• Nurse communication
  • Physician communication
  • Hospital staff responsiveness
  • Communication about medicines
  • Discharge information

Patient experience had worsened since the start of the pandemic in 2020. This spring’s grades show the first improvement since then, with all measures significantly improving since fall 2023. But the measures are still far from pre-pandemic levels, according to The Leapfrog Group.

“Hospitals have put a special emphasis on improving how they treat their patients and that is showing results on patient safety and patient experience,” Binder says. “In and of itself, it’s positive that patients have a good experience in the hospital. That’s enough right there. But it also turns out that when they report better experiences on these particular measures, that is correlated with their outcomes, like infections and errors and access.”

This bodes well for the future, she notes.

“This is a good indicator that we’re going to start to see even more improvements in patient safety because the culture in hospitals is clearly shifting toward the patient, and that’s what it takes to improve patient safety,” says Binder.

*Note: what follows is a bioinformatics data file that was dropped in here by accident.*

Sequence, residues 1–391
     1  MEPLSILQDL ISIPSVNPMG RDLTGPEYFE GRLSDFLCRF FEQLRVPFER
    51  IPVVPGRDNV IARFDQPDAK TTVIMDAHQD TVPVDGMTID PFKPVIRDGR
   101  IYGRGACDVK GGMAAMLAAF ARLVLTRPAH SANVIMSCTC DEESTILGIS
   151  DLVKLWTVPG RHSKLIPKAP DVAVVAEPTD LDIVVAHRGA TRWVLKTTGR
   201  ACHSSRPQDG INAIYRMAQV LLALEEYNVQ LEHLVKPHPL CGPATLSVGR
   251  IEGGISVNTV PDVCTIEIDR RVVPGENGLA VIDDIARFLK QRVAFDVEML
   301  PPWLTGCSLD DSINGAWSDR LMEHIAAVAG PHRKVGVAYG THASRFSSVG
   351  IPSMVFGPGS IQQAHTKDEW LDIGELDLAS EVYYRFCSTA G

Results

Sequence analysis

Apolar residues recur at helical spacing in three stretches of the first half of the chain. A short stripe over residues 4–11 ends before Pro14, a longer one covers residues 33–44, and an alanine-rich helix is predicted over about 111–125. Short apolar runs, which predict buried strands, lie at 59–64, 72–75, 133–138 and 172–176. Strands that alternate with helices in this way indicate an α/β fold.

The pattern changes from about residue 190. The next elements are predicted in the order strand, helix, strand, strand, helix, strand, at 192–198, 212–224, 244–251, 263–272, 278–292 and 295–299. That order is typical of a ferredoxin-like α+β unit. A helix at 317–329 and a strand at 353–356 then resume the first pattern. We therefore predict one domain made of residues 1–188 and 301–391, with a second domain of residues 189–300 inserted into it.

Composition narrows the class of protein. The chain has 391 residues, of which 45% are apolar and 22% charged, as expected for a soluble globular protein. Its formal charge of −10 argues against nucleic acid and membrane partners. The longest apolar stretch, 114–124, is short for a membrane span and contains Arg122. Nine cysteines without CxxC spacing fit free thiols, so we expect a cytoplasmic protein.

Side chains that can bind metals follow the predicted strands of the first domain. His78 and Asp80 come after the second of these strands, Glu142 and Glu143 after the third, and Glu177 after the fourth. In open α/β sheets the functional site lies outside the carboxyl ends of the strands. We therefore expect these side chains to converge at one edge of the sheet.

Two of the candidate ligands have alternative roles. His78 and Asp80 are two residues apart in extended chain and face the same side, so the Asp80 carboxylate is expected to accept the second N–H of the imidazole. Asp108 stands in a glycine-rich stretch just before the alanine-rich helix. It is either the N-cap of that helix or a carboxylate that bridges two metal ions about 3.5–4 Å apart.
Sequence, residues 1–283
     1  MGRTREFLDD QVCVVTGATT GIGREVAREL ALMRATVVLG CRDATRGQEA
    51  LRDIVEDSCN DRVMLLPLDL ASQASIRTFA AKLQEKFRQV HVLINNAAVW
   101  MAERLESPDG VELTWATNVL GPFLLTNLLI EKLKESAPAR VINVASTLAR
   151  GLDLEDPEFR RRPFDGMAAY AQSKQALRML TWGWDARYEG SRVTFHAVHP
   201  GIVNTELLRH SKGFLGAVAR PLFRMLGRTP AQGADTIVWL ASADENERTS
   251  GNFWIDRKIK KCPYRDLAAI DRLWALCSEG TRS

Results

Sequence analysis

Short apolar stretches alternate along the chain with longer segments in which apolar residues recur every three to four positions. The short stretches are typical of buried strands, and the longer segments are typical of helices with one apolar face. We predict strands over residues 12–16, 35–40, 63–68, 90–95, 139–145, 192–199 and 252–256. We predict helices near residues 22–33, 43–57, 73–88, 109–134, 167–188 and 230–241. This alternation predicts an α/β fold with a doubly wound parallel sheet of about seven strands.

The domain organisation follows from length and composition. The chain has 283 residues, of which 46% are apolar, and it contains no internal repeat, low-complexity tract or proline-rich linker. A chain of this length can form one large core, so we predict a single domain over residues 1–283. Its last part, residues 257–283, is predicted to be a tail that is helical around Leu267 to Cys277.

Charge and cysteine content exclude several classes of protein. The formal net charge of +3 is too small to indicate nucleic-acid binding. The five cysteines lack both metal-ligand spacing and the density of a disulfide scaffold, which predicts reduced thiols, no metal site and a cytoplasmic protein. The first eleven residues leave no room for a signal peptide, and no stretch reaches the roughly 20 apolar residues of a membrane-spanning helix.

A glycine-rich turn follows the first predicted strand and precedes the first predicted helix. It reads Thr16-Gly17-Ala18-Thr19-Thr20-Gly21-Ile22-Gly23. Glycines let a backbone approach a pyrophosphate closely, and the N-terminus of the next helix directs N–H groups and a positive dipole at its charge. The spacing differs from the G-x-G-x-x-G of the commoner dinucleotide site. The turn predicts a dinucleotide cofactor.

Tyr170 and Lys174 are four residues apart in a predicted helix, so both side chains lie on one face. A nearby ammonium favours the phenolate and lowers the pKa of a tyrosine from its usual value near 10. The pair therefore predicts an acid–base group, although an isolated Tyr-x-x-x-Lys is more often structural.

Focusing on the patient is also part of another market trend.

“Part of the reason that hospitals leaders have been focused on patients and really getting these results with patient experience is another trend in the market, the influence of what we call retail healthcare,” she says. “These are new players in the healthcare industry that are competing with health systems, like Walmart or Costco. These are retail establishments that have a very long history and a lot of success. It’s meeting customers where they are and being top notch at customer care, and that’s the competition now for health systems. Healthcare has not traditionally been customer-oriented, certainly not for the patient.”

Infection rates

Since Leapfrog reported its fall 2022 Hospital Safety Grades, which found HAI rates at their highest since 2016, 92% of hospitals have improved their performance on at least one of three dangerous preventable infections:

  • Central line-associated bloodstream infections (CLABSI) decreased by 34%